A lot has happened since I wrote my last post in mid-November. Back then we were in the middle of Lockdown Two, though there was an optimism that things would improve by Christmas and the New Year.
We now know that optimism was misguided, and I write this post in the middle of Lockdown Three which, for many people, has been the most difficult and testing so far.
Despite the current challenges, there is optimism. The ongoing roll-out of vaccines gives us hope that we can soon carry on with some more familiar version of our lives.
I say familiar, because we will probably never go back to exactly how our lives were pre-Covid. So much has already changed.
Whether you believe in the Build Back Better mantra or not, we must take the positives and exploit opportunities that have been presented to us to do things better.
Making our towns more beautiful
Last time I spoke of how we’re likely to see much more investment coming forward in ‘emerging towns’. I really believe there will be a drive towards sustainable towns where a greater proportion of the population will live and work locally.
There is an opportunity here to make our towns more beautiful. We can restructure town centres by shrinking large retail and moving towards more diversity and choice for shopping, leisure, hospitality and indeed housing.
Our entrepreneurs and SMEs have an opportunity to create a niche retail identity in our towns, to remodel and reuse outdated spaces for something new. If we can get more people living in or close to town centres, this can help create a thriving night-time economy like we’ve had in the cities.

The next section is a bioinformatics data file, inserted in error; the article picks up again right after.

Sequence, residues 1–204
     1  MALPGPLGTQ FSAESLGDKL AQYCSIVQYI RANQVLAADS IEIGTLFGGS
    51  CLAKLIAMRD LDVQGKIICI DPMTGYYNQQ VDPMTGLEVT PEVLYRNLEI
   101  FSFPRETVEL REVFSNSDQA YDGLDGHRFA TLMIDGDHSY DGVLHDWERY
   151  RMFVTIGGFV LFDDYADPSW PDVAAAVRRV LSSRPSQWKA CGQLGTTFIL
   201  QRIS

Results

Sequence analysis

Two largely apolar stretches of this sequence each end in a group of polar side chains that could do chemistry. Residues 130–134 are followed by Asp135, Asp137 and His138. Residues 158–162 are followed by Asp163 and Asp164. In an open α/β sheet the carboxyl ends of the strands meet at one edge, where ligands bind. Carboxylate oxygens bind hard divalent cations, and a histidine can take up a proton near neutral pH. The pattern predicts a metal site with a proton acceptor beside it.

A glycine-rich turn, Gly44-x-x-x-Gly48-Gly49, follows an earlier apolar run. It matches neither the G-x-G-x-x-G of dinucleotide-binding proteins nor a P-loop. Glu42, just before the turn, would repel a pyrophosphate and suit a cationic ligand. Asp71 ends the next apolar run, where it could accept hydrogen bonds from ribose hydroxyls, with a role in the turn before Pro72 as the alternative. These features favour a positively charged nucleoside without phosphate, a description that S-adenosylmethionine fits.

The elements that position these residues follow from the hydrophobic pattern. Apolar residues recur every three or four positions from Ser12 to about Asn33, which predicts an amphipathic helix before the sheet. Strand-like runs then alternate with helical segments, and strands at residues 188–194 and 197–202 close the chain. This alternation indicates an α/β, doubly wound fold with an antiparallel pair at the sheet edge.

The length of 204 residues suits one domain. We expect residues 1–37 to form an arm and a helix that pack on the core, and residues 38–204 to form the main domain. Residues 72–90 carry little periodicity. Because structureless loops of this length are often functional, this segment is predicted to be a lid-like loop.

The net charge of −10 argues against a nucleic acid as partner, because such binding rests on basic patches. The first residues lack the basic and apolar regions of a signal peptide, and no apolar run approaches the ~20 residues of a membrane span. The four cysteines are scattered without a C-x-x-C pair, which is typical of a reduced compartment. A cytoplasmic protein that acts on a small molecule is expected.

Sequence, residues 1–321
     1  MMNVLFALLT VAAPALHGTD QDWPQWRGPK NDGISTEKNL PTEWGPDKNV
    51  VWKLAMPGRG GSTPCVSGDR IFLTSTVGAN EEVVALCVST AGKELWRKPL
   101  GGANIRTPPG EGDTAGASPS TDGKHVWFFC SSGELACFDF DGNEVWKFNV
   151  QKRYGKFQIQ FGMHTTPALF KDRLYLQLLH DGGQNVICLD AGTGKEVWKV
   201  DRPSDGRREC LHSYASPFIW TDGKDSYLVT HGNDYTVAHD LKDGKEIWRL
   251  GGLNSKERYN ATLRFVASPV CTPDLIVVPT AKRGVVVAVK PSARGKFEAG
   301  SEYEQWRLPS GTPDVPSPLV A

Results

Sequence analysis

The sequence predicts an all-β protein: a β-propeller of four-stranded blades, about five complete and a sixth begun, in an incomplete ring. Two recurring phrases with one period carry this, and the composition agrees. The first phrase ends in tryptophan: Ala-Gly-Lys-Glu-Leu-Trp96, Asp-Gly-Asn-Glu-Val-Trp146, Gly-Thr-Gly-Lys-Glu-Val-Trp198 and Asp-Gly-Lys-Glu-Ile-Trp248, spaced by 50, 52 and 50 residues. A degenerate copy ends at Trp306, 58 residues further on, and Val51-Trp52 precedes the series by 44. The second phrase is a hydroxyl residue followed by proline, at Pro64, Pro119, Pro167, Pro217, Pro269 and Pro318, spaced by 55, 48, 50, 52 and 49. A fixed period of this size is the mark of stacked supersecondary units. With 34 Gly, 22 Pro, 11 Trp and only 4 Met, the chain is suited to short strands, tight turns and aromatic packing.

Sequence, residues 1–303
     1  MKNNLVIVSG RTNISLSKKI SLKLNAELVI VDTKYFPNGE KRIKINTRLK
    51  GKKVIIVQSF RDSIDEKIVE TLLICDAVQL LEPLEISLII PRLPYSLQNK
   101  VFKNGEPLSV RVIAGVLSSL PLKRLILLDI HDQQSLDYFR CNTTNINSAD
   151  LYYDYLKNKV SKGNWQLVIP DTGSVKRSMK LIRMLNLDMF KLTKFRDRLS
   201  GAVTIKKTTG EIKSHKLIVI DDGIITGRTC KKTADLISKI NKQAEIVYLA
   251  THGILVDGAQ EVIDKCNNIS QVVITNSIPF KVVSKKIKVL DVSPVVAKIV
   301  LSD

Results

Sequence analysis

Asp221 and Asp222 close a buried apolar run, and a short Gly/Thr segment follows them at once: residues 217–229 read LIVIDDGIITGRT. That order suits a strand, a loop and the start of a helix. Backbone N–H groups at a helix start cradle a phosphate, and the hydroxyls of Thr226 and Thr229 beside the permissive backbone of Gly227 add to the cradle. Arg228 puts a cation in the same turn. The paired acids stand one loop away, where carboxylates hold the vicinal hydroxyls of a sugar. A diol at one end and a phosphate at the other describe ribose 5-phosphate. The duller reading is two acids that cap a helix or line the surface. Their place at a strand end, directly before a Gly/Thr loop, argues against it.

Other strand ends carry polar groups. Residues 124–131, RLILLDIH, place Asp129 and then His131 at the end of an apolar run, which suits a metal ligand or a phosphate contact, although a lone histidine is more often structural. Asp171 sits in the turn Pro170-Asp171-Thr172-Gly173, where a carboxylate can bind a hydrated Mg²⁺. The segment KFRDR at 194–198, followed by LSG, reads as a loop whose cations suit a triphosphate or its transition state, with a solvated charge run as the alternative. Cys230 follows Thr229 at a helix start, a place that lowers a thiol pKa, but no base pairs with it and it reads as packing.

After all, the demand for leisure and hospitality experiences has not gone away. People still want to eat out, meet friends, enjoy culture, socialise, and so on. It will come back.
Quality and choice in housing
In terms of the housing sector’s role in creating these sustainable communities, design quality and sustainability has never been more crucial, not just in terms of individual homes, but in wider placemaking.
We need to create more neighbourhoods that offer genuine housing choice for people at all stages of life, whether you want to be a homeowner, a renter, or something in between.
Mulbury is working with registered housing providers to create developments with a broad mix of tenures and house types that appeal to people in many different situations. We’ve had some great feedback from clients on the build quality of these developments, another critical success factor in creating communities that last.
It was also very pleasing to see Mulbury starting the year by striking a deal with Cheyne Capital’s Impact Real Estate Fund to develop new homes in Manchester’s New Cross district. The deal includes a social covenant which will see 35% of homes in the development made available to local keyworkers at discounted rents.
It’s this type of thinking that can give us the sustainable communities we need to ensure a strong recovery and a brighter future.
Deborah McLaughlin is a non-executive director of Mulbury and former regional director for Homes England